The Citizen (Az állampolgár) Love Blossoms in Budapest Between Teacher and African Refugee
Wilson (Cake-Baly Marcelo) escaped to Hungary a number of years ago after his wife and daughters were slaughtered during civil unrest in his African homeland. The 50-something widower opted to seek political asylum in Budapest rather than continue on to Western Europe like most of his fellow refugees.
After all, he’d taken a liking to the town, and found a nice apartment and steady work as a supermarket security guard. Now, the only thing standing in the way of his staying in Hungary permanently is his repeatedly flunking the country’s tough citizenship test.
Not wanting to lose her reliable “Employee of the Year,” his boss Eva (Tunde Szalontay) innocently suggests that he take history and language lessons from her sister, a teacher, never expecting it might cause any trouble. But sparks fly between Wilson and miserably-married Mari (Agnes Mahr), and it’s not long before their tutorial sessions morph into a taboo, whirlwind romance which includes dancing, swimming and dining together.
She finally abandons her husband (Peter Barbinek) and son (Peter Sandor) and moves into Wilson’s flat. The plot thickens further, however, when she discovers that he already has a much younger woman living with him. Might he be a bigamist?
He explains that his relationship with Shirin (Arghavan Shekari), an Iranian refugee, is purely platonic, and that her newborn baby isn’t his. Nevertheless, that doesn’t sit well with Mari, who obviously isn’t comfortable with such an unorthodox arrangement.
Thus unfolds The Citizen, a poignant, cross-cultural love story directed by Roland Vranik (Transmission). What makes the film unique is the advanced age of the protagonists, since most romance dramas revolve around considerably younger couples.
A touching, timely and zany soap opera ostensibly reflecting the sensibilities of the modern Immigration Era.
Excellent (4 stars)
In Hungarian with subtitles
Running time: 109 minutes
Production Studio: Popfilm
Distributor: ArtMattan Productions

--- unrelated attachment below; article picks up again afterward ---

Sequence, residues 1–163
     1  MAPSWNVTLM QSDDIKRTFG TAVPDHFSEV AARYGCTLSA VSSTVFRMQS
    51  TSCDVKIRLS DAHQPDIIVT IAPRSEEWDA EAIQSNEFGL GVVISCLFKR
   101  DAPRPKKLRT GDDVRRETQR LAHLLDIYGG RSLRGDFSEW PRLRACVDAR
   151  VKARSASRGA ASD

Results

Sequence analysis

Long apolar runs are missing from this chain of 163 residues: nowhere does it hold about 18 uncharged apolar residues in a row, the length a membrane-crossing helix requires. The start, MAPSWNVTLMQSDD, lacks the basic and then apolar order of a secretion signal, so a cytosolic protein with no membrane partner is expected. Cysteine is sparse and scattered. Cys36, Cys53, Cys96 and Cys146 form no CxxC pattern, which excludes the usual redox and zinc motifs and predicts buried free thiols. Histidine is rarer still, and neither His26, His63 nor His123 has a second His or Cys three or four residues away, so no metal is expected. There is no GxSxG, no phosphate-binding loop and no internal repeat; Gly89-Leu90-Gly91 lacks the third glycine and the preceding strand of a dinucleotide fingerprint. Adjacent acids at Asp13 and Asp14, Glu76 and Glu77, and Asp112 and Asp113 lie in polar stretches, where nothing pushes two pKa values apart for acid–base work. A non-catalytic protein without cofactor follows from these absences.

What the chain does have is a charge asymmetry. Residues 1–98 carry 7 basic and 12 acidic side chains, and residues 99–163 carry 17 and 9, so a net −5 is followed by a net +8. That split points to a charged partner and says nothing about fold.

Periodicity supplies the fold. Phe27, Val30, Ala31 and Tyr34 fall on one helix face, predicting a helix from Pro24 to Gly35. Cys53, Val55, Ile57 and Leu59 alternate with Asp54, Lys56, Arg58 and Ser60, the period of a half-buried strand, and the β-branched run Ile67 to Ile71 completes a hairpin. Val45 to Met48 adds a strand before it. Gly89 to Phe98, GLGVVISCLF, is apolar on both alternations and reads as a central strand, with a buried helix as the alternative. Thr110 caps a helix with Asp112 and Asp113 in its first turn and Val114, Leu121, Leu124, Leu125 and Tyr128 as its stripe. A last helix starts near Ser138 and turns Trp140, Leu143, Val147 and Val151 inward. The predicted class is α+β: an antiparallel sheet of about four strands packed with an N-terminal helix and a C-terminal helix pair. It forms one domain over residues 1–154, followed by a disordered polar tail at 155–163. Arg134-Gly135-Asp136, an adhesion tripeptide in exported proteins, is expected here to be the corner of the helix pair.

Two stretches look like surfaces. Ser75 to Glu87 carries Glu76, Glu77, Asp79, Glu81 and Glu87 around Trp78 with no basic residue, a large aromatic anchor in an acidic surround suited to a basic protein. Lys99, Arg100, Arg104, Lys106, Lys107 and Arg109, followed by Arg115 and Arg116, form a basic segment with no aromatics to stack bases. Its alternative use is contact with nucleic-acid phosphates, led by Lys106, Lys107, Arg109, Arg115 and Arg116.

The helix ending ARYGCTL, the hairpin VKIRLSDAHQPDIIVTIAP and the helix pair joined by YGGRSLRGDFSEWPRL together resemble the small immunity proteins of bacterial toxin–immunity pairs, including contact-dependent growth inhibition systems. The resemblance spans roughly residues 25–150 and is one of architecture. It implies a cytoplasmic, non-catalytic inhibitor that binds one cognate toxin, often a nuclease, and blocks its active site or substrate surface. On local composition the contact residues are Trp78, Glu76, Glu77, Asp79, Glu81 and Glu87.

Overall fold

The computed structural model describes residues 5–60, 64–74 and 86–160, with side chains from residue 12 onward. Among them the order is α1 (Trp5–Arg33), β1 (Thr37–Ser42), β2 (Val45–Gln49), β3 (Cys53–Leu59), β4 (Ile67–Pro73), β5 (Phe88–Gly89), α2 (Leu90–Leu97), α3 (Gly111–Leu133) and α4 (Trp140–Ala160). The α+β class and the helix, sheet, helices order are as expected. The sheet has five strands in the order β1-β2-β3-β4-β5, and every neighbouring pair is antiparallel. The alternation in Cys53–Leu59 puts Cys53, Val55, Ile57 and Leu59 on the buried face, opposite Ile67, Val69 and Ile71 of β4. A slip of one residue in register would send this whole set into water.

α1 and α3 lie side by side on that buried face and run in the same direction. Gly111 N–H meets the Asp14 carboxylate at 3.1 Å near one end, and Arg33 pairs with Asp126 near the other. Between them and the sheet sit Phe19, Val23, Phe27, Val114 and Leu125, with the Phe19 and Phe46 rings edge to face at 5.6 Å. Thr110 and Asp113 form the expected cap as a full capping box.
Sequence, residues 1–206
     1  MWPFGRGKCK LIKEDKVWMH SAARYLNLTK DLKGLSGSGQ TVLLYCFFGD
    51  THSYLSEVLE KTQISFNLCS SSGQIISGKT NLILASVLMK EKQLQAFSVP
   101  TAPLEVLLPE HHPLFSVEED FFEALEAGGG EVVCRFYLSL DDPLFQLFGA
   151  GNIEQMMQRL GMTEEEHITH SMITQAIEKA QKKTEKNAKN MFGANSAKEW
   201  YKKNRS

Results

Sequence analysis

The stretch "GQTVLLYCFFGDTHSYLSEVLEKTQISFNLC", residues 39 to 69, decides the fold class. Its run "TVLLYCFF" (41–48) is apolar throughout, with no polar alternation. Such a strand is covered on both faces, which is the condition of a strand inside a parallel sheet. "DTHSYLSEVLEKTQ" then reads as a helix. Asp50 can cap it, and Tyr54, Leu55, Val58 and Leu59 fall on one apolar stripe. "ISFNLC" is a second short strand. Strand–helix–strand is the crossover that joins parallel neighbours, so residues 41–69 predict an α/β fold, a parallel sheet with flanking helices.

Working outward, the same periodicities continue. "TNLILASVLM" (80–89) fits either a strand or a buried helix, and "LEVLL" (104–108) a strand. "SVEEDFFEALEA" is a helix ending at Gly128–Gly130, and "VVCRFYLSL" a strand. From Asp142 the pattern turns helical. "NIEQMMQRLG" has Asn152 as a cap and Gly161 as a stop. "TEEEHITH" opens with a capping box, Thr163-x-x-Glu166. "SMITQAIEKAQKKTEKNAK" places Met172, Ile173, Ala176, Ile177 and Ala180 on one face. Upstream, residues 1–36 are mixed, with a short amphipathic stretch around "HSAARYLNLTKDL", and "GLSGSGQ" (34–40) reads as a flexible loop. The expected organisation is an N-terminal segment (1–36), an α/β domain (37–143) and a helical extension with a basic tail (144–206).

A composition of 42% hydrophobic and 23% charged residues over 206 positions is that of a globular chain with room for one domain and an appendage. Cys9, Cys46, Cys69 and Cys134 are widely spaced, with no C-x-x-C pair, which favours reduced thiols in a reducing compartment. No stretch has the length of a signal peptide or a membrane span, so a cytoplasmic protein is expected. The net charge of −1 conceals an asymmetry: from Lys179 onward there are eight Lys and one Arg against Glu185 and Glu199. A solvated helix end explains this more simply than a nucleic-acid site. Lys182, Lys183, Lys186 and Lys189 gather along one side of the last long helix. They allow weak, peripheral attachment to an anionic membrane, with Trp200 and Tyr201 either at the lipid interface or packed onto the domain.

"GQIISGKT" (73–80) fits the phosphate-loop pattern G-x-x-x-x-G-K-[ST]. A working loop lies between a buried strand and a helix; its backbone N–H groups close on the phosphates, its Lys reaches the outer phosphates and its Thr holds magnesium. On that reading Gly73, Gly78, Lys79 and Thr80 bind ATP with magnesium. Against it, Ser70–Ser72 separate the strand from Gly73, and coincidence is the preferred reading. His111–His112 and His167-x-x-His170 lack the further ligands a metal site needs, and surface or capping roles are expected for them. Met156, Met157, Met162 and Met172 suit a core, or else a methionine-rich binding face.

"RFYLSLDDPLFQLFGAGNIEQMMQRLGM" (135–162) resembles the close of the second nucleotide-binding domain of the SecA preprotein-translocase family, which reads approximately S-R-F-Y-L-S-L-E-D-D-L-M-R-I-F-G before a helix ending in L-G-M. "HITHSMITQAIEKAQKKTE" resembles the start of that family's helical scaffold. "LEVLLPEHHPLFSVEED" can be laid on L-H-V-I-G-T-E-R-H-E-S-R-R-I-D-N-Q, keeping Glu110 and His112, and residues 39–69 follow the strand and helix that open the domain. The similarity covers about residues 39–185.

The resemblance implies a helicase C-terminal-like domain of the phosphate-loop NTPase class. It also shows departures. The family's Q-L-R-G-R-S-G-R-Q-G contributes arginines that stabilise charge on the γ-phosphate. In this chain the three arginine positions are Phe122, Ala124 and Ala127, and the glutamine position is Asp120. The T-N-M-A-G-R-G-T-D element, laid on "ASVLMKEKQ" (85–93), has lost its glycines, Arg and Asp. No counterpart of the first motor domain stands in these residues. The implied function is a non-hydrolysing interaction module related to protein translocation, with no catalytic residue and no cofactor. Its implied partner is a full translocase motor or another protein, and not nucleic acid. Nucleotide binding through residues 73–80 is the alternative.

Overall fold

OPENING THIS WEEK Kam’s Kapsules Weekly Previews That Make Choosing a Film Fun For movies opening August 24, 2018
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The Happytime Murders (R for crude humor, graphic sexuality, drug use and pervasive profanity) Crime comedy about two private eyes, one human (Melissa McCarthy), one puppet (Bill Barretta), who grudgingly join forces to find the serial killer targeting cast members of a popular puppet show from the 1980s. Cast includes Maya Rudolph, Elizabeth Banks and Joel McHale.
Searching (PG-13 for profanity, sexuality, drug references and mature themes) Hi-tech whodunit revolving around a desperate father (John Cho) who looks on his missing 16-year-old daughter’s (Michelle La) laptop computer for clues to her sudden disappearance without a trace. With Debra Messing, Joseph Lee, Alex Jayne Go, Megan Liu and Sarah Sohn.
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Papillon (R for profanity, nudity, violence, bloody images and some sexuality) Charlie Hunnam plays the title character in this remake of the 1973 classic based on unjustly-convicted Henri “Papillon”, Charriere’s memoir recounting his and a fellow inmate’s (Rami Malek) daring escape from an infamous penal colony on Devil’s Island. With Tommy Flanagan, Eve Hewson and Roland Moller. (In English and Spanish with subtitles.)
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